Sometimes I am fully into the Adventure. Other times I am almost sick with worry, and hope that what I feel physically is due to that stress, hoping that the stress itself is not compromising my health.

Meanwhile, I move furniture around the place to make room for when we arrive with the rental van.

I have been gorging on the Turner Classic Movies channel, which can become addictive, and therefore dangerous. I've been staying up late and sleeping in, though yesterday's/last night's/middle-of-night painting of the studio did wonders. I begin to more fully claim the room -- thankful that I had the foresight to send down my paints, though forgot to take brushes! So, no detail work, yet. But for all intents and purposes, the walls are sufficiently prepared for me to move my things in. Then, if I want to do detail play, I can. I still want to paint the door, but that can wait.

1/25/03 12:30 am. Water heats for coffee. The studio is painted -- as much as I will do this trip. Furniture is moved out of the way in preparation for our moving stuff in. Again I worry when I shouldn't. I know that I can change gears again if I need to, but I need to (a) give myself a chance to succeed here, and (b) give myself a rest. Allow for the void, which is needed in order for me to realign.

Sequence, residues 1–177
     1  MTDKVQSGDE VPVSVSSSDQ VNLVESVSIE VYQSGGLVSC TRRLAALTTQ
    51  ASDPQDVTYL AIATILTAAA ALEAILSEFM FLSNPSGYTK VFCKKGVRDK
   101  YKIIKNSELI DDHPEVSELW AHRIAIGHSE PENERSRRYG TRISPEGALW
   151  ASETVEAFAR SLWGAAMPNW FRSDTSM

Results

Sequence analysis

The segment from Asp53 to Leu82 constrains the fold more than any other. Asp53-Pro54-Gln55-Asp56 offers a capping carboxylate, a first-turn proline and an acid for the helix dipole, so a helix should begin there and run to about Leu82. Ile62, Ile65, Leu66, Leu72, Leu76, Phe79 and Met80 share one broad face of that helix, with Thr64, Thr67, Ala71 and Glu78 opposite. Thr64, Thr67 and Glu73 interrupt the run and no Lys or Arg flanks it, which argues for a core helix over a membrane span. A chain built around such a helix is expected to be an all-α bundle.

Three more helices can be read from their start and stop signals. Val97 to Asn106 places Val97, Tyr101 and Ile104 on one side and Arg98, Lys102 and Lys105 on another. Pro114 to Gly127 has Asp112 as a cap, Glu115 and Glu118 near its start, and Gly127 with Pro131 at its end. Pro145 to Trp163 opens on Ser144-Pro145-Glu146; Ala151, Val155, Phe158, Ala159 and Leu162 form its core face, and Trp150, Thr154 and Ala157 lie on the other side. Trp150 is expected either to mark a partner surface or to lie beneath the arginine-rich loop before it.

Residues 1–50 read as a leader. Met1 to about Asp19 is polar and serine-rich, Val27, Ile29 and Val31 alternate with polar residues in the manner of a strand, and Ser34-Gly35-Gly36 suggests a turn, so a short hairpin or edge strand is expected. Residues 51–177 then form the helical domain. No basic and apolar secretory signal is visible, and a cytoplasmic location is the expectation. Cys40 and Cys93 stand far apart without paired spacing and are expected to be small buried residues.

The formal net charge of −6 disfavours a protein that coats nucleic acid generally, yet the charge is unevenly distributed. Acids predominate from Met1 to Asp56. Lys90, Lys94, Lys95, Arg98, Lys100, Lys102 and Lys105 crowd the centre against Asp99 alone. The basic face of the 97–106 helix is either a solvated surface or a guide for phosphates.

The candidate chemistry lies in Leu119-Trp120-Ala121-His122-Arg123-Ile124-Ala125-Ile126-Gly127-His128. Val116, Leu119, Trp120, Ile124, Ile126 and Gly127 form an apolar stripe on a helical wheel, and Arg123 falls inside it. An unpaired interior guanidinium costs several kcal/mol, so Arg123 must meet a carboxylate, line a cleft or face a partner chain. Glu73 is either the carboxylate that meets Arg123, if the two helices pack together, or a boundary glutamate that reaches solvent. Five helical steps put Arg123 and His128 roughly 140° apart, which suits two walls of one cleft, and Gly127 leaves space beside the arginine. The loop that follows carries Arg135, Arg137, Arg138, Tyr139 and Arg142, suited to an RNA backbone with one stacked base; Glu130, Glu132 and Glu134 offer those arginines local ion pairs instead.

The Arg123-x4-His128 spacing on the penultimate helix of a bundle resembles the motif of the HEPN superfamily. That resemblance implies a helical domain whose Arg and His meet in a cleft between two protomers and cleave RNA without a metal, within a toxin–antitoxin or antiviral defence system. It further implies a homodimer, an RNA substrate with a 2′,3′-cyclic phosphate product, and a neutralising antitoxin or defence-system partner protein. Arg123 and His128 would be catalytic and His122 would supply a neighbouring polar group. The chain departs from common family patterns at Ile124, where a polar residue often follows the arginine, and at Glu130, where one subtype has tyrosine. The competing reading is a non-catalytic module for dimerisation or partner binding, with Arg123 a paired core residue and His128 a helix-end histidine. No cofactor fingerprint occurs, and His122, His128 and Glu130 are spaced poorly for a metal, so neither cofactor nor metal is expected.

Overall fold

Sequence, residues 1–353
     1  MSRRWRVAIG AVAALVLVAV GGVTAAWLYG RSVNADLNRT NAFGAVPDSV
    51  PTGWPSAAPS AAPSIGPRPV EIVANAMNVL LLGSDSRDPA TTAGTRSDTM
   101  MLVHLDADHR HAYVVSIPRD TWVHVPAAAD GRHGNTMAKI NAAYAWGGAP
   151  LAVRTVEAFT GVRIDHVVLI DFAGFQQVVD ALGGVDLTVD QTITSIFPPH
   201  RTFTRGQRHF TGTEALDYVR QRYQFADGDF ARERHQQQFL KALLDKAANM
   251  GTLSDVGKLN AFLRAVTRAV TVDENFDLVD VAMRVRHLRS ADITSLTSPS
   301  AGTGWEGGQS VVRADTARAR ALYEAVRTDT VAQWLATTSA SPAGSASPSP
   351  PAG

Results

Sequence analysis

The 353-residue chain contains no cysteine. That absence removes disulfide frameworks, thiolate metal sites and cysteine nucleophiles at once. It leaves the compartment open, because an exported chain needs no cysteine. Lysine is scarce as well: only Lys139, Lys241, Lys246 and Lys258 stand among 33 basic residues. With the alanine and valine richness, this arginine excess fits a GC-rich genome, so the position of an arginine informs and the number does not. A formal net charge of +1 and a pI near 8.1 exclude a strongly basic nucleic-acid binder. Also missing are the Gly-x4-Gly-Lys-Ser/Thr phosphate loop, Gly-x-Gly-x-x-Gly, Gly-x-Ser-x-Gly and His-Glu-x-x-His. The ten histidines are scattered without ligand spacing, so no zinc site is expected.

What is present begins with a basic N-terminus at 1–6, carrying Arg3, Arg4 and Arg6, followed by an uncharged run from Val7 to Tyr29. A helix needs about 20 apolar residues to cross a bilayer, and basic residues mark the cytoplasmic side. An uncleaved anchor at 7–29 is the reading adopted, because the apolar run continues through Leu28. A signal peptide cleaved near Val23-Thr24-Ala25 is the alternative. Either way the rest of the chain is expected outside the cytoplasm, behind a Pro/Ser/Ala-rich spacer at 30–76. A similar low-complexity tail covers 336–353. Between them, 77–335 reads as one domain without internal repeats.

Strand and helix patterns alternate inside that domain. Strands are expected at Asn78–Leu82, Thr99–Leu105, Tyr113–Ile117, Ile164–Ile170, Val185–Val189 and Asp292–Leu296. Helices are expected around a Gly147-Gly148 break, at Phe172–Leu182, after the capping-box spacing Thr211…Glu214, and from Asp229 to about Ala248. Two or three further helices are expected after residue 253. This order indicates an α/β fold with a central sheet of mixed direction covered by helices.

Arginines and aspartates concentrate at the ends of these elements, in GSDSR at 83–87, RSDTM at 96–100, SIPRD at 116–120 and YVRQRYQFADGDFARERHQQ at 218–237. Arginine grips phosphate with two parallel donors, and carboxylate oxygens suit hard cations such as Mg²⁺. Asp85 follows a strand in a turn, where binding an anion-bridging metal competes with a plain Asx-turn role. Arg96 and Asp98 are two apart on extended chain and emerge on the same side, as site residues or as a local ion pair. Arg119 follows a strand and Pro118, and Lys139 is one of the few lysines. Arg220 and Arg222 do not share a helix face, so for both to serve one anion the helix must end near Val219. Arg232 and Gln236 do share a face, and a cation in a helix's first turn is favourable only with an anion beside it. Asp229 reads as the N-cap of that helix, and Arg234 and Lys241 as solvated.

Part of me feels as though I am ripped from my moorings, knowing full well that I am the one doing the ripping. I am left to my own devices now, fully. I remain part domesticated, part feral. Feral in that I can be alone, can keep myself company. My family includes the trees and sky, the geckos, the neighborhood cats, the snowy egrets I saw on today's walks, the spiders. Though the roaches and silverfish are not yet "family".

I have struggled alone for long enough that I deal with recent events almost dispassionately. The movie characters with whom I identify are the rugged men who survive through hard work, who are self-sufficient and self-reliant. The women who become melodramatic and clingy are like alien creatures to me.

Then there is the domesticated part of me -- the middle class background that predisposes me to worry. In that way I am like the conventional husband in the old movies -- the one rivaled and often defeated by the more feral, rugged man.

No longer under pressure to be perfect, sometimes I seem all the more terrified of making a mistake. Silly. One learns from mistakes. Mistakes are part of life -- I've already made plenty, and I've survived them.